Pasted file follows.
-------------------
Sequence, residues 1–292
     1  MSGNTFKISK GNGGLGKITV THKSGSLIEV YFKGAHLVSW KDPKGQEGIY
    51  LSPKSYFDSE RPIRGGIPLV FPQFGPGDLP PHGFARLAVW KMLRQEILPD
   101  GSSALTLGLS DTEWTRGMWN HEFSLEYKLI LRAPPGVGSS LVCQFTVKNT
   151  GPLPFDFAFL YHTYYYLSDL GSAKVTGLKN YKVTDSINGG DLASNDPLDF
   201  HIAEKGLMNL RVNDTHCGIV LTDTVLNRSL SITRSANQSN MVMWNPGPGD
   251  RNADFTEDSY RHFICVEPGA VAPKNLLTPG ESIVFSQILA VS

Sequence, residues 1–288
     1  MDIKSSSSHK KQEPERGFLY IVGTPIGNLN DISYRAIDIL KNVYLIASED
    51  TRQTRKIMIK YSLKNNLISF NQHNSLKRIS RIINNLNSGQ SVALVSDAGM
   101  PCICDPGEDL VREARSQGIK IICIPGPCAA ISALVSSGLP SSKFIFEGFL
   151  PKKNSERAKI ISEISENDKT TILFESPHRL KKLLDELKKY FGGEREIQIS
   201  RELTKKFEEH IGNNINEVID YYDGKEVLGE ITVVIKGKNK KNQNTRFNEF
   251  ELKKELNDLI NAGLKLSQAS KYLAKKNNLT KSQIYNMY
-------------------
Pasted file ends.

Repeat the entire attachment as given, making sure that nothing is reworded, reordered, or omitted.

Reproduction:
Sequence, residues 1–292
     1  MSGNTFKISK GNGGLGKITV THKSGSLIEV YFKGAHLVSW KDPKGQEGIY
    51  LSPKSYFDSE RPIRGGIPLV FPQFGPGDLP PHGFARLAVW KMLRQEILPD
   101  GSSALTLGLS DTEWTRGMWN HEFSLEYKLI LRAPPGVGSS LVCQFTVKNT
   151  GPLPFDFAFL YHTYYYLSDL GSAKVTGLKN YKVTDSINGG DLASNDPLDF
   201  HIAEKGLMNL RVNDTHCGIV LTDTVLNRSL SITRSANQSN MVMWNPGPGD
   251  RNADFTEDSY RHFICVEPGA VAPKNLLTPG ESIVFSQILA VS

Sequence, residues 1–288
     1  MDIKSSSSHK KQEPERGFLY IVGTPIGNLN DISYRAIDIL KNVYLIASED
    51  TRQTRKIMIK YSLKNNLISF NQHNSLKRIS RIINNLNSGQ SVALVSDAGM
   101  PCICDPGEDL VREARSQGIK IICIPGPCAA ISALVSSGLP SSKFIFEGFL
   151  PKKNSERAKI ISEISENDKT TILFESPHRL KKLLDELKKY FGGEREIQIS
   201  RELTKKFEEH IGNNINEVID YYDGKEVLGE ITVVIKGKNK KNQNTRFNEF
   251  ELKKELNDLI NAGLKLSQAS KYLAKKNNLT KSQIYNMY